But once the funding, the stars and the director come together, it all works – nearly. In Last Tango in Halifax an older couple finally find love and engage in a bit of late-life madness, to the fury of their adult children. But the age thing just isn’t enough, so the episodes are padded out with family rows, a car crash and teenagers on drugs: all things an older viewer may well want to escape.
“Over the past 10 years, there’s been a move away from commercial, multiplex films towards lower-budget ones that are more literary and intelligent,” says Tristan Orpen Lynch, who has just finished an eight-year stint on the Irish Film Board. “These are the ones most likely to attract older people. Here in Europe, that idea is shared, which is how we get film-makers working in partnership with film companies in other countries.”
Hoffman, in making Quartet, showed that a film starring older people could well represent an attractive outing for an older audience. As for older people choosing an intelligent storyline, this is where The Man on the Train comes in. Dealing only obliquely with age, it has the sort of quirky ending that leaves people querying what they have just seen, or think they have just seen. There’s no greater test of a movie than the aftershow arguments it provokes.
So what about the idea that a film starring older actors is nothing more than a vehicle for displaying jowls and wrinkles in a good light? “Cinema reflects life,” says Orpen Lynch. “Actors such as Judi Dench and Vanessa Redgrave are performing older roles because that’s what they are: older. They’ve stayed the course.”
This is certainly true of Terence Stamp and Vanessa Redgrave, who, in Song for Marion, perform their solos in voices that are loud and clear, a tribute to a lifetime of professionalism.
But Paul Williams, who directed Song for Marion, doesn’t see it as a film about older people particularly. “There are lots of different films about different sorts of people. Song is about everybody,” he says. Maybe that’s his intention, but the test will be in how the audience – of all ages – sees it.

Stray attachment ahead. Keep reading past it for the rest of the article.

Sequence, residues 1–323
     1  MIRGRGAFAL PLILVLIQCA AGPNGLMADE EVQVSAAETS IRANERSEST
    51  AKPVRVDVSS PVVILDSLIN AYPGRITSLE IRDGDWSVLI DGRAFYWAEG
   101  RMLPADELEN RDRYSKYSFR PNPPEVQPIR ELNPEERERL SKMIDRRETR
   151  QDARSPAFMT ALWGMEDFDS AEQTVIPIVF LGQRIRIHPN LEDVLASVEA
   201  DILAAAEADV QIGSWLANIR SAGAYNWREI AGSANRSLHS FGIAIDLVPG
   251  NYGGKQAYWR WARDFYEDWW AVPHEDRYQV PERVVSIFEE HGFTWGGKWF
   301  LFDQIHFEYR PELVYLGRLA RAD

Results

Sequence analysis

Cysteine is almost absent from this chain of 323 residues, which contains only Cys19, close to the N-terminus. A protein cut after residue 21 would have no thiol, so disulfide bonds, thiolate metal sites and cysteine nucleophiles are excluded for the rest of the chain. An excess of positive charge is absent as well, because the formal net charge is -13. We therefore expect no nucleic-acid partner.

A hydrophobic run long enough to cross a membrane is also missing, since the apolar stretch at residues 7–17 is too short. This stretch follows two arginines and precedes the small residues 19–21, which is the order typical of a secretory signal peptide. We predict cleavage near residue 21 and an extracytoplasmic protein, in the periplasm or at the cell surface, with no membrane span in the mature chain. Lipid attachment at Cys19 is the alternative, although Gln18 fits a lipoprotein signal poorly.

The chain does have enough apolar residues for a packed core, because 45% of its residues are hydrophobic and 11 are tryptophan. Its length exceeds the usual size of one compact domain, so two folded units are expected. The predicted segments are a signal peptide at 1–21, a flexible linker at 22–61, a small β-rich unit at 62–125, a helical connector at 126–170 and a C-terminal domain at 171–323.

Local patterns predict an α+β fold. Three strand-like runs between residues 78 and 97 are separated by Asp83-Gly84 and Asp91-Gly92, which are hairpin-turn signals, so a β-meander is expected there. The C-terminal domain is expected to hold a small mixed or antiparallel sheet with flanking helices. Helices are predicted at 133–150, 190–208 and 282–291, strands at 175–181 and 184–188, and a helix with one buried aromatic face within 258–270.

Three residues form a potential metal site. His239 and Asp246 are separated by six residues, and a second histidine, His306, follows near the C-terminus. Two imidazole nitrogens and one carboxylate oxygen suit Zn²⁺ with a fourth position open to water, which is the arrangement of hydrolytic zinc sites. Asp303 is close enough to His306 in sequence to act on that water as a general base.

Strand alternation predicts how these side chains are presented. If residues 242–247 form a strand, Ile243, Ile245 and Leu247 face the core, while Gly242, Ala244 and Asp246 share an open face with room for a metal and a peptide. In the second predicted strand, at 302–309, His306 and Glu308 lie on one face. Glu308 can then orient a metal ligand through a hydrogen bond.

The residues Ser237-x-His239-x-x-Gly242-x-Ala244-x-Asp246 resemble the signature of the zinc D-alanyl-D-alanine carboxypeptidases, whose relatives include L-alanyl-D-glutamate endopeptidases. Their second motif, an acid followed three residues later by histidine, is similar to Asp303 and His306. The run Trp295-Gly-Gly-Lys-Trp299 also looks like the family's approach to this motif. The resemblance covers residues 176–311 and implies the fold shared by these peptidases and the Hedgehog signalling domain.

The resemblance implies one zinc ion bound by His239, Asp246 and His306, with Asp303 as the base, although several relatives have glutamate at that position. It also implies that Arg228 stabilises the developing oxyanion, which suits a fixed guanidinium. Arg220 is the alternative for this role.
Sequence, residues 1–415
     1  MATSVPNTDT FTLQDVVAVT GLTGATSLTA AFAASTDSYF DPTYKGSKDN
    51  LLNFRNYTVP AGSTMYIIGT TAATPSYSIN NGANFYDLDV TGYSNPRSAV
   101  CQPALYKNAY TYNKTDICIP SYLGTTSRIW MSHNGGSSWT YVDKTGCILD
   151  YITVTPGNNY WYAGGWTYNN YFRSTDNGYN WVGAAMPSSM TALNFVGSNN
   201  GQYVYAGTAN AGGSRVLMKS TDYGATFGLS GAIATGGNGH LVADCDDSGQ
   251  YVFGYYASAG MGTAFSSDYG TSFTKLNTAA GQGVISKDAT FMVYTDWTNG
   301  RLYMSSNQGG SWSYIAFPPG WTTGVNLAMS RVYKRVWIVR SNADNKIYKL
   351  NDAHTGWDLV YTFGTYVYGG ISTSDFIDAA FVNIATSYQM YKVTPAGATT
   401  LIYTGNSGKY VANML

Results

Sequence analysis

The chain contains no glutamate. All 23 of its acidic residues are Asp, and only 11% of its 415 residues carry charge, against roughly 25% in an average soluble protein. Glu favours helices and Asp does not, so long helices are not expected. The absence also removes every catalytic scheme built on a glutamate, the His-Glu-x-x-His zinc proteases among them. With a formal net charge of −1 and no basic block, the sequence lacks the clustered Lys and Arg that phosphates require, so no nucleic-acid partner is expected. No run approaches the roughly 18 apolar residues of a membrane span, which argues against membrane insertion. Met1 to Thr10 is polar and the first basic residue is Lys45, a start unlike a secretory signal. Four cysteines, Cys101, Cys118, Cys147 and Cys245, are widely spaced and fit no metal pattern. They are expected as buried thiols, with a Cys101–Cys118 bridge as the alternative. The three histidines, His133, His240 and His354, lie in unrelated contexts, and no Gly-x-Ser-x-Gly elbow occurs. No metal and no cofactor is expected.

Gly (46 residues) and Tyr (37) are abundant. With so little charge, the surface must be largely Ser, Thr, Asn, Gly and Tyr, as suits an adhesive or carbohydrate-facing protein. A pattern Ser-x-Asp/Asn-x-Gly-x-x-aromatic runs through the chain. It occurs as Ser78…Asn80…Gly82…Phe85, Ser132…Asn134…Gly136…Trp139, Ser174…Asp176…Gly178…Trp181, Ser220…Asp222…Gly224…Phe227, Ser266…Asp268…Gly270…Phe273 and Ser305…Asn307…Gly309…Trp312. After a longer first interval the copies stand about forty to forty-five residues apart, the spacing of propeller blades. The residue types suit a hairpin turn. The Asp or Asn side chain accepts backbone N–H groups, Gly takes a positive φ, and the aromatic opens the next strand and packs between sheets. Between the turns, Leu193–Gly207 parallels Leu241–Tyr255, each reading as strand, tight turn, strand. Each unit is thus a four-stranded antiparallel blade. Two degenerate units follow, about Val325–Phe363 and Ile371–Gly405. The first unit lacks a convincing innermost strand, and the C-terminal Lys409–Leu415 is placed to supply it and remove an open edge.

Song for Marion is released on February 22nd
I search for films noirs, for black and white British gems, for silent classics or classics from Demy, Antonioni, Bergman. I welcome many more recent films like Bombon el Perro, Souzhou River, Treeless Mountain, Toyko Sonata or Las Acacias. But I have been known to collect disaster movies, and recently enjoyed Unstoppable.
I haven’t been to the cinema in a long time and watch my films on a reasonably sized tv screen, finding films to record on dedicated film channels and, to my pleasure, on TG4, which is the only mainstream channel that regularly gives space to films from, for example, Asia and Central and South America. The other channels stick mainly to endless repeats of presumably ‘commercially viable’ Hollywood or British movies which are either of little interest or which one has seen before.
I have boundless admiration for Maggie Smith and Dustin Hoffmann, but have also, fortunately, a much wider range of interest than just actors of their vintage: imaginative film-making involves themes of all kinds and actors of all ages.